SARAJEVO/BANJA LUKA, Bosnia (Reuters) - The International Court of Justice has rejected a request from Bosnian Muslims for it to revise a decade-old ruling that cleared Serbia of direct blame for genocide during Bosnia’s 1990s war, officials said on Thursday.
The ICJ registrar revealed the court’s decision in a letter sent to Bosnia’s tripartite Serb, Croat and Bosniak presidency members after they each declared whether or not they backed the request, which was filed last month.
“The court considers...that no decision has been taken by the competent authorities on behalf of Bosnia as a state to request the revision...Therefore no action can be taken with regard to the document,” the registrar said in the letter, seen by Reuters.
Bakir Izetbegovic, the Muslim Bosniak presidency member who had called for the ruling to be revised while his Serb and Croat colleagues did not, said the court’s decision was political.
“The court shut the door on those who are seeking justice,” Izetbegovic told reporters, saying a bid to revise the ruling was justified and expected by the victims and survivors of the 1992-95 ethnic war.
The court’s decision was hailed by the Bosnian Serbs, who had warned the request imperiled the 1995 Dayton peace deal.
“This is for me a totally expected decision, which seriously supports Dayton Bosnia...because it shows that nobody anymore may make decisions (alone) on behalf of Bosnia’s institutions,” Mladen Ivanic, the Serb member of the presidency, told a news conference.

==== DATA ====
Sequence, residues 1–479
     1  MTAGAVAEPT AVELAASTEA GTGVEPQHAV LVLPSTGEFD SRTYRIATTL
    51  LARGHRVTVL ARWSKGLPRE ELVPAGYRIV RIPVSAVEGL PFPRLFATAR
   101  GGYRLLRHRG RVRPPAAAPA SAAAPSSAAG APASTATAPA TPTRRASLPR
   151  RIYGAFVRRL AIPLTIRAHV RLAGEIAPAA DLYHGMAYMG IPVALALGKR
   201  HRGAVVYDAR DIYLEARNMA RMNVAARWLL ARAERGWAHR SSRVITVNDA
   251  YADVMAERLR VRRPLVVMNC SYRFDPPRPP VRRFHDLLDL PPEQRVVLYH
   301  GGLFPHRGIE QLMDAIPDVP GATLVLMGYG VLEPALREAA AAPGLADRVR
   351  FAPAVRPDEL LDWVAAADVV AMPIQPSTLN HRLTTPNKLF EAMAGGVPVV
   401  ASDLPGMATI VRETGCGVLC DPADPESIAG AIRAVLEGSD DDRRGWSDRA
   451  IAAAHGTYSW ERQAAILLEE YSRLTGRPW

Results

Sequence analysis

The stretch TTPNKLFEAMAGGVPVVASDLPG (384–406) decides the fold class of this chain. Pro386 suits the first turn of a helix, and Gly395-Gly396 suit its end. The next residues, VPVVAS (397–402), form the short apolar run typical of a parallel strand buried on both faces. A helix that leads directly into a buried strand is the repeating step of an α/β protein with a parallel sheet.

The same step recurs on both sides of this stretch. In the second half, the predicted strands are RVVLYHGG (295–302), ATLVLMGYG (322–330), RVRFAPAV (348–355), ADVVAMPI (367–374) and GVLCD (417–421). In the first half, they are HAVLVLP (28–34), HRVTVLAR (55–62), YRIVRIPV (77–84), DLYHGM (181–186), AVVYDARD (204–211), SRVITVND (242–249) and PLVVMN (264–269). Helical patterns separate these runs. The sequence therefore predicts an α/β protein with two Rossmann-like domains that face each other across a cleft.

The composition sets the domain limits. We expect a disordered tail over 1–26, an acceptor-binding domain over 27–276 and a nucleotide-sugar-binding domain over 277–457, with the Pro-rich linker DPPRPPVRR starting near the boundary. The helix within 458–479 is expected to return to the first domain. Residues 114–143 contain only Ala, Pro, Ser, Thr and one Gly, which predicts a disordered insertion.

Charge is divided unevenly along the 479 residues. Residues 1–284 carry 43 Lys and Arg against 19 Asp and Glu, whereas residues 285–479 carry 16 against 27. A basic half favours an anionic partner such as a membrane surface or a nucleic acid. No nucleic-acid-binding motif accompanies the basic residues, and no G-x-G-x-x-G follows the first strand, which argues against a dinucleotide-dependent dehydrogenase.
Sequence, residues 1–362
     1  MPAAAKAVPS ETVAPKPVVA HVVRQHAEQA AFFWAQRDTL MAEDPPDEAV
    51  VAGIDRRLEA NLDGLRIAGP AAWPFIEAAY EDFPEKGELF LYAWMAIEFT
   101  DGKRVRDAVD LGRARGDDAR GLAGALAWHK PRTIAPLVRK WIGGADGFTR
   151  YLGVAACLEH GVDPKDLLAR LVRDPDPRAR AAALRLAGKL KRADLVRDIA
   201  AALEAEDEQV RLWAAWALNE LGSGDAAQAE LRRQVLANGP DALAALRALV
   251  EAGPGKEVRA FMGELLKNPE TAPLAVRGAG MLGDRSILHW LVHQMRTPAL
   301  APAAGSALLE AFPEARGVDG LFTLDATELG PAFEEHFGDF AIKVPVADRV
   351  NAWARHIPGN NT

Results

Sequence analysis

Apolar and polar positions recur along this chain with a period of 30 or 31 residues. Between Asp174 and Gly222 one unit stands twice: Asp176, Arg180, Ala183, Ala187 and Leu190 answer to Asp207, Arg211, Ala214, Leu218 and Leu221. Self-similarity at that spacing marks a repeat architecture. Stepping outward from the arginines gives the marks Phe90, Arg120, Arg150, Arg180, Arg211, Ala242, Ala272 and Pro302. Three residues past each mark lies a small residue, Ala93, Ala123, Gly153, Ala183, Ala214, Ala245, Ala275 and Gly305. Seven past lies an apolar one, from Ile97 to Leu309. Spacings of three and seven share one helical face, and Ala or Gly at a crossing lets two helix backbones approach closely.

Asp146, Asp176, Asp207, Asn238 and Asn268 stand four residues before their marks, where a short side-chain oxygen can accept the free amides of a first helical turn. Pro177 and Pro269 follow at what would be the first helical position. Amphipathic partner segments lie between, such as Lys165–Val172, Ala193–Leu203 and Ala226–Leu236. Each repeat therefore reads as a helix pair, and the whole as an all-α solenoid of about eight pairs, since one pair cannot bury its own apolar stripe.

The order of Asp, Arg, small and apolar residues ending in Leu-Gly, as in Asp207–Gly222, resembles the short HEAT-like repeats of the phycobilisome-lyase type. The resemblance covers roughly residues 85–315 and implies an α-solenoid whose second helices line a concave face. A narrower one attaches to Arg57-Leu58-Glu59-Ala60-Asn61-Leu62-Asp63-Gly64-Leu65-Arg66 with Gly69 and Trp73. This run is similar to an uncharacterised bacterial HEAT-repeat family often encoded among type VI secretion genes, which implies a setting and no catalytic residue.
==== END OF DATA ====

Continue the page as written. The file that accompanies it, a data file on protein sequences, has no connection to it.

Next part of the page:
The Dayton accords ended the war by splitting the former Yugoslav republic into two ethnically-based autonomous regions - Serb and Bosniak-Croat - linked via a weak central government.
The ICJ’s 2007 judgment exonerated Serbia of direct responsibility for killings, rapes and “ethnic cleansing” by Bosnian Serb forces it armed during the war, though it said Serbia had failed to prevent genocidal acts.
Its ruling concluded that genocide had occurred only at Srebrenica, where about 8,000 Muslims were slaughtered by nationalist Serb forces, and not in other parts of Bosnia.
Bosniaks had hoped that a revision could shed more light on crimes committed during the war, in which more than 100,000 people were killed. Bosnian Serbs saw the legal move as directed against them and post-war reconciliation.
“We hoped for justice but it’s absent,” said Hatidza Mehmedovic, who lost her husband and two sons at Srebrenica.
Serbian President Tomislav Nikolic welcomed the ICJ’s decision, saying any other ruling would have severely damaged post-war Bosnia and worsened relations with Belgrade.
Additional reporting by Maja Zuvela; editing by Mark Heinrich